Portsmouth's Ark Dickens Primary Academy achieves first ever 'good' Ofsted judgement

ARK Dickens primary school has gained its first ever ‘good’ Ofsted judgement.

By Neil Fatkin
Monday, 16th December 2019, 11:24 am

The judgement, following the November inspection, is the culmination of a long journey for the school which was judged as ‘requires improvement’ when it joined the Ark academy network in 2014 and in a subsequent inspection in June 2017. It’s a turnaround for school, previously Charles Dickens Primary, which throughout its history had never been judged as good since Ofsted started inspections in 1993.

After being judged ‘good in all areas’, headteacher, Fiona Chapman, is delighted the dedication of staff has paid off.

Mrs Chapman said: ‘We’re delighted with the result as this was an exceptionally strong ‘good’. Many of the staff are the same as under the previous judgements and there were tears of joy when I announced the news. We were confident we would get a good but seeing the reality on paper in superb.’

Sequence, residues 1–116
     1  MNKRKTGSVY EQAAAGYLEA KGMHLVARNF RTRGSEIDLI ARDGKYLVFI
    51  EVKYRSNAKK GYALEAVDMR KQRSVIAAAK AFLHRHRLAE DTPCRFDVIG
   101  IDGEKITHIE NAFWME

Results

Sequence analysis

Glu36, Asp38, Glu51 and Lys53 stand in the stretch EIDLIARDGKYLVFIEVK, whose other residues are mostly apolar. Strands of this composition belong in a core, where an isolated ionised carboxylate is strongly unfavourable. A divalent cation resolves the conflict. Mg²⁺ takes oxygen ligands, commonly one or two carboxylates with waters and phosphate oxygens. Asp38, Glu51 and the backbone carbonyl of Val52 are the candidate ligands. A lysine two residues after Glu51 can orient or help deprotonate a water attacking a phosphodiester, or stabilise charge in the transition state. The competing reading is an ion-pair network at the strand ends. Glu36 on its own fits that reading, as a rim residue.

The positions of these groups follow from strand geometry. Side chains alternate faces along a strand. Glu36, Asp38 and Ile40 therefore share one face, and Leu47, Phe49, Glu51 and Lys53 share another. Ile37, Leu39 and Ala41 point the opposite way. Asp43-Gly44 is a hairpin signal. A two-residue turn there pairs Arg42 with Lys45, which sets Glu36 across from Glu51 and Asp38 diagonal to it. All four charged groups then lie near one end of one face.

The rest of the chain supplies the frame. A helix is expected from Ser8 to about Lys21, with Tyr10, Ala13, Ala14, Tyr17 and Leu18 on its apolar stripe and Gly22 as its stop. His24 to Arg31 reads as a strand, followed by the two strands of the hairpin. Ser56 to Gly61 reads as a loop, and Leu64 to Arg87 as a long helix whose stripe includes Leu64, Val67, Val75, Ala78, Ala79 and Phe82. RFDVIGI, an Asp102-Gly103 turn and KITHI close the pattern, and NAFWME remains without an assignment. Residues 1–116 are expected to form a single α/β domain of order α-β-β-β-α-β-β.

Ark Dickens Primary Academy head teacher, Fiona Chapman.

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Pressure was on as three consecutive judgements of ‘requires improvement’ would result in the school being placed in special measures. The report praised the leadership and stated the school had ‘improved rapidly’ since the appointment of the new head teacher. Inspectors also commended staff on improvements in attainment.

Inspectors stated: ‘Standards have improved and outcomes are improving. Reading is a priority at this school. Leaders have strengthened the teaching of reading significantly.’

‘We have very high expectations and follow our mantra of grit, resilience and endeavour,’ said Mrs Chapman. ‘We brought in a dedicated PE team and have fantastic sports facilities to enrich the curriculum.’

The school has also introduced its 11 by 11 initiative – to provide children with 11 memorable experiences by the time they leave Year 6.

‘This can range from rolling down a hill to a trip to Normandy or a private hovercraft tour to the Isle of Wight,’ added Mrs Chapman.

With a pupil premium rate of 63 per cent, the school was commended on its provision for disadvantaged children and those with special educational needs and disabilities (SEND).

Lead inspector, Brian Macdonald, said: ‘Disadvantaged pupils and pupils with SEND are well supported with their learning. These pupils take part in the full range of activities. Work is carefully planned to help pupils be successful. As a result, both disadvantaged and pupils with SEND achieve well.’

Fiona is particularly pleased with the support she has received from the local community with 97 per cent of parents now attending parents evenings compared to previous turnouts of below 40 per cent.